June 6, 2021
Deep Compost Mulch No-till
A couple of years ago I encountered a staggeringly beautiful and enormous chard plant. It was growing just outside one of the hoop houses coexisting and flourishing amongst the witch grass, dandelions, and clover. It stopped me in my tracks and I have been mulling over it ever since. No fertilizer, no irrigation, no careful 6-8” between plants—thriving instead in undisturbed soil with all the other highly functioning plants we sometimes label weeds. I like to imagine the diversity in the soil to pull off a feat like that chard plant. We have tried a number of different no-till trials over the years—mowing cover crops and transplanting into the residues, permanent beds and tarping sequences, and now we are undertaking a deep compost mulch no-till trial. Currently we are aiming for five two hundred foot rows in our flower field and ten three hundred foot rows in Six Acre for our trial. The work and the expense is front-loaded—spreading a 4 inch layer of compost over the entire bed is a lot!—and we have only managed three of our vegetable beds so far. We are cover cropping the other seven and hope to squeeze in the work here and there. The flower beds are all mostly planted. These beds will be permanent and top dressed annually. If we are successful we will add more beds each year. Why are we doing this? Good question.
We’ve been growing food and flowers for a long time, for more than thirty years we’ve been engaging with this endlessly fascinating work. I am an unabashed maximalist and my hunger to try new things is unabated. I like the problem solving, the revelatory moments, the beauty, and the connections with the people I am working with and growing for. I think Addison’s reasons are probably similar though he doesn’t have that maximalist streak. We are increasingly undone by the challenges the weather delivers. Lately, hot and very dry, but just as likely some other extreme, this work is getting harder every year. Our ambition to switch to deep compost no-till is an effort to reduce the farm’s use of single use plastics, to actively sequester carbon and maintain top soil by reducing tillage, and to improve soil biodiversity to achieve resilient plants. We are trying to adapt, be nimble and resilient, and farm into the future without the burden of our waste contributing to the problem of climate change. We are also trying to make more money.
For one, I was disappointed when the $15 per hour minimum wage was struck from the covid relief bill passed this winter. I have touched on this before in prior blog posts: raising the price for food is tricky and had it passed there would have been broad acceptance for increased prices. Our average wage on the farm is $14 per hour. Our goal is to pay a living wage and we are steadily working towards that goal. So many people assume that we hire a bunch of college kids to grow our food. In fact, almost half the crew is over 60 and they are professionals—avid, knowledgeable, and invested. They do not fit the image of a kid picking up some summer work for pocket money and character building until they get a real job. And before another well-meaning individual suggests we organize volunteer work, I am compelled to point out that our work is skilled and I can think of no other profession that turns to unskilled volunteers as a solution to a labor shortage. Volunteer health care professional? Attorney? Nope.
Listening to NPR on my morning commute, the experts are saying we don’t have a labor shortage. If we raise wages workers will come. And then I read a piece in the New York Times about how tipping is returning to pre-pandemic norms and all the commenters gripe about the broken system of tipping and if businesses just paid their employees a living wage we could do away with this demeaning practice. And, I think, this is too hard. Maybe we should just get jobs and stop trying to run a business. I think those experts assume that the owners of the low wage paying businesses are sitting pretty—selling high and paying low and reveling in the capitalist beauty. Not so here. No one works harder than we do in our business and for a very modest financial reward. It would be heaps easier to make a living a different way. All the goals are irreconcilable: affordable, accessible food and a fairly compensated and valued farm crew. Beauty, bounty, diversity, flavor over yield, curiosity are all a drain on the bottom line. And then there’s that solar array that is always out of reach. Easily a $40,000 investment that is devastatingly short sighted not to make. Between the walk-in coolers, well pump, fans, and golf carts the energy consumption on the farm is substantial.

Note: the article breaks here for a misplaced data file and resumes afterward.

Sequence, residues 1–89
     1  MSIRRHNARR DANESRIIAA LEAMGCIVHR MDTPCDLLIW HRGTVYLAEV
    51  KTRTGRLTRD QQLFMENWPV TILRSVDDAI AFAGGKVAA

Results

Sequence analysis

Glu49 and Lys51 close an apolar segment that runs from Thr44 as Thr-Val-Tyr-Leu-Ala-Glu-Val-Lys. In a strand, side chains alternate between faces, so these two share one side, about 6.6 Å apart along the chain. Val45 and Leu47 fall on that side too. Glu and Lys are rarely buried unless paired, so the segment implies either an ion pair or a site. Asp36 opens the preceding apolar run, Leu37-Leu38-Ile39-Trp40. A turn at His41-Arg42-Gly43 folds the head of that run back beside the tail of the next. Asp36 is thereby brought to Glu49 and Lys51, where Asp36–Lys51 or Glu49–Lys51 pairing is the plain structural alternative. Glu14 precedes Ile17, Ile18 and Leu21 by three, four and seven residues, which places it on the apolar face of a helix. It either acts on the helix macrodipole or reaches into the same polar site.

Mixed Greens Bunches
We will start selling our Mixed Green Bunches this week for $20. That’s a lot more than they were last year: $5. This is when I stop shilly-shallying and really drive my point home. Our flower bouquets are $20 also this year, and though that is more than they were last year I don’t think we will see decreased sales. Even though there is as much diversity, beauty, and work in the bunch of greens as in the bouquet, since it is food the price will come as a shock. This price is my pointed attempt to address two goals. Ten dollars of the sale of each bunch will be earmarked for our solar array project. The other ten dollars will be a farm worker gratuity. What of the cost of making the Mixed Greens Bunches? We have always made our Mixed Greens Bunches at a loss. I am here to say that money is not the only currency we dabble in—we make those Mixed Greens Bunches as a celebration of the love we have for all those crazy greens we grow. When you buy our Mixed Greens Bunches you will be able to affirm our goals and declare your love as well.